Structural representation and surrogative reasoning

Synthese 87 (3):449 - 508 (1991)
It is argued that a number of important, and seemingly disparate, types of representation are species of a single relation, here called structural representation, that can be described in detail and studied in a way that is of considerable philosophical interest. A structural representation depends on the existence of a common structure between a representation and that which it represents, and it is important because it allows us to reason directly about the representation in order to draw conclusions about the phenomenon that it depicts. The present goal is to give a general and precise account of structural representation, then to use that account to illuminate several problems of current philosophical interest — including some that do not initially seem to involve representation at all. In particular, it is argued that ontological reductions (like that of the natural numbers to sets), compositional accounts of semantics, several important sorts of mental representation, and (perhaps) possible worlds semantics for intensional logics are all species of structural representation and are fruitfully studied in the framework developed here.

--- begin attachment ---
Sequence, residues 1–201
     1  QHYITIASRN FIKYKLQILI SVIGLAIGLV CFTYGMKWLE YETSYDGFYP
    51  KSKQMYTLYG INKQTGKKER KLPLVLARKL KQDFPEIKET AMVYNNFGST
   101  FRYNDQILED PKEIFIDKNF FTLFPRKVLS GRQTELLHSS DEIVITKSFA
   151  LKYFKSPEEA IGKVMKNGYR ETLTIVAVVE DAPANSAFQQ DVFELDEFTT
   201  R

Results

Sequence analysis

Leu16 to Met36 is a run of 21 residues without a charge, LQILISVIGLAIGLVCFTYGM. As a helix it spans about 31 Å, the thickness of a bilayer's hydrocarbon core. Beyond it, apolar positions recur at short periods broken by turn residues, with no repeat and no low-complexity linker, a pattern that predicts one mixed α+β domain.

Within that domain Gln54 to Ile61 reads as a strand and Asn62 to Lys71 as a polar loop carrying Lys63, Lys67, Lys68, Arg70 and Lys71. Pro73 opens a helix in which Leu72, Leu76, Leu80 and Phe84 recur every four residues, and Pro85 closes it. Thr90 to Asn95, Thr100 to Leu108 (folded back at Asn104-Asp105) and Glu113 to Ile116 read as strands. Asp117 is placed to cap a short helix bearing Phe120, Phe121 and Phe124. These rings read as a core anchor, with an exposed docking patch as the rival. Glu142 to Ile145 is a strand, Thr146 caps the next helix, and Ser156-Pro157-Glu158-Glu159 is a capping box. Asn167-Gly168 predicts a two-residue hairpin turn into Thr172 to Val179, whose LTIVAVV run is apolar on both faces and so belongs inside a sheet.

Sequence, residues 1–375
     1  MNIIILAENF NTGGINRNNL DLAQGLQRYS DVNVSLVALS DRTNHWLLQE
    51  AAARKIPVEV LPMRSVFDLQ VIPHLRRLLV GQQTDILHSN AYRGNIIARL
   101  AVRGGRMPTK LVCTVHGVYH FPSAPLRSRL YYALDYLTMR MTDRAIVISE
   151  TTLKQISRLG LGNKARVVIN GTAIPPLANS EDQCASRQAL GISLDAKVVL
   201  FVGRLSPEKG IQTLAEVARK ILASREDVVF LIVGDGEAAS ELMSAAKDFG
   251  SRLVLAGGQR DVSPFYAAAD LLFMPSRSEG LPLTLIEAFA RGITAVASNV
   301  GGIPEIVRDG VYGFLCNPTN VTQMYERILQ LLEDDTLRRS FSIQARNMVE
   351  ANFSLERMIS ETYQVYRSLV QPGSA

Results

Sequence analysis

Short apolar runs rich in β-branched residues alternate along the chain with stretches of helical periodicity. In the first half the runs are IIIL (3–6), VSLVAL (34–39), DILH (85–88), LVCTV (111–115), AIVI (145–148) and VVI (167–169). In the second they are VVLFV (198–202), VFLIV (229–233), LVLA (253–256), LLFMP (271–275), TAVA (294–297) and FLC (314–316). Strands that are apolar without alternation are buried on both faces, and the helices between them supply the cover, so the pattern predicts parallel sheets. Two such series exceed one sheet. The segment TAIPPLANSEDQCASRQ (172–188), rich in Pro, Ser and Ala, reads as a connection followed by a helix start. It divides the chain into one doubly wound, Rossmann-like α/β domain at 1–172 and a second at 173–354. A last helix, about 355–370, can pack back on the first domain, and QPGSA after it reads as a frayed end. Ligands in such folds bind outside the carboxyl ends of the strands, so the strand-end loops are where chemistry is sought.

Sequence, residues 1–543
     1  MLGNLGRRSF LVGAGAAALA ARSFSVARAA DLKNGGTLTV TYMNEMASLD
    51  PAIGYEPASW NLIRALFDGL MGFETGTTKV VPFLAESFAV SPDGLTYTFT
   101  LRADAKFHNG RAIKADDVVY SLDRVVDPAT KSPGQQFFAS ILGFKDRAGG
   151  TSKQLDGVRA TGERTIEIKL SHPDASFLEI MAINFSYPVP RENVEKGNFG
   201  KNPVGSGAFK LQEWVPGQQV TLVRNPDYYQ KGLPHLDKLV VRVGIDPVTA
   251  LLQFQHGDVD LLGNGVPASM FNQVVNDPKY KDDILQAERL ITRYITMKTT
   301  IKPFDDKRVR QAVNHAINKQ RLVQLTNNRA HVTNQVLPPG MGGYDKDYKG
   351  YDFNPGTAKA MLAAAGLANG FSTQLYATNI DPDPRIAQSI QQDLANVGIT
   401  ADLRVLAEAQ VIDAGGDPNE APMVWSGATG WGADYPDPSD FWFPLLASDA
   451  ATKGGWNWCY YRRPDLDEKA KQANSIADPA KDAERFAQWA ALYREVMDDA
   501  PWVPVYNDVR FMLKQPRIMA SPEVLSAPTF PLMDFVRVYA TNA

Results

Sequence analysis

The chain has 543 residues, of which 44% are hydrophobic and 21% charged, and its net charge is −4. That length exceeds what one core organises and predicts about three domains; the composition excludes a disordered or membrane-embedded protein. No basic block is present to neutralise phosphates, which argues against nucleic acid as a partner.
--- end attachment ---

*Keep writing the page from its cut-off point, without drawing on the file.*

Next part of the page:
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    References found in this work BETA
    D. M. Armstrong (1973). Belief, Truth and Knowledge. London,Cambridge University Press.
    Paul Benacerraf (1965). What Numbers Could Not Be. Philosophical Review 74 (1):47-73.
    Tyler Burge (1973). Reference and Proper Names. Journal of Philosophy 70 (14):425-439.

    View all 32 references

    Citations of this work BETA
    Thomas Mormann (2009). New Work for Carnap's Quasi-Analysis. Journal of Philosophical Logic 38 (3):249-282.
    Chris John Daly (2008). Fictionalism and the Attitudes. Philosophical Studies 139 (3):423 - 440.

    View all 14 citations

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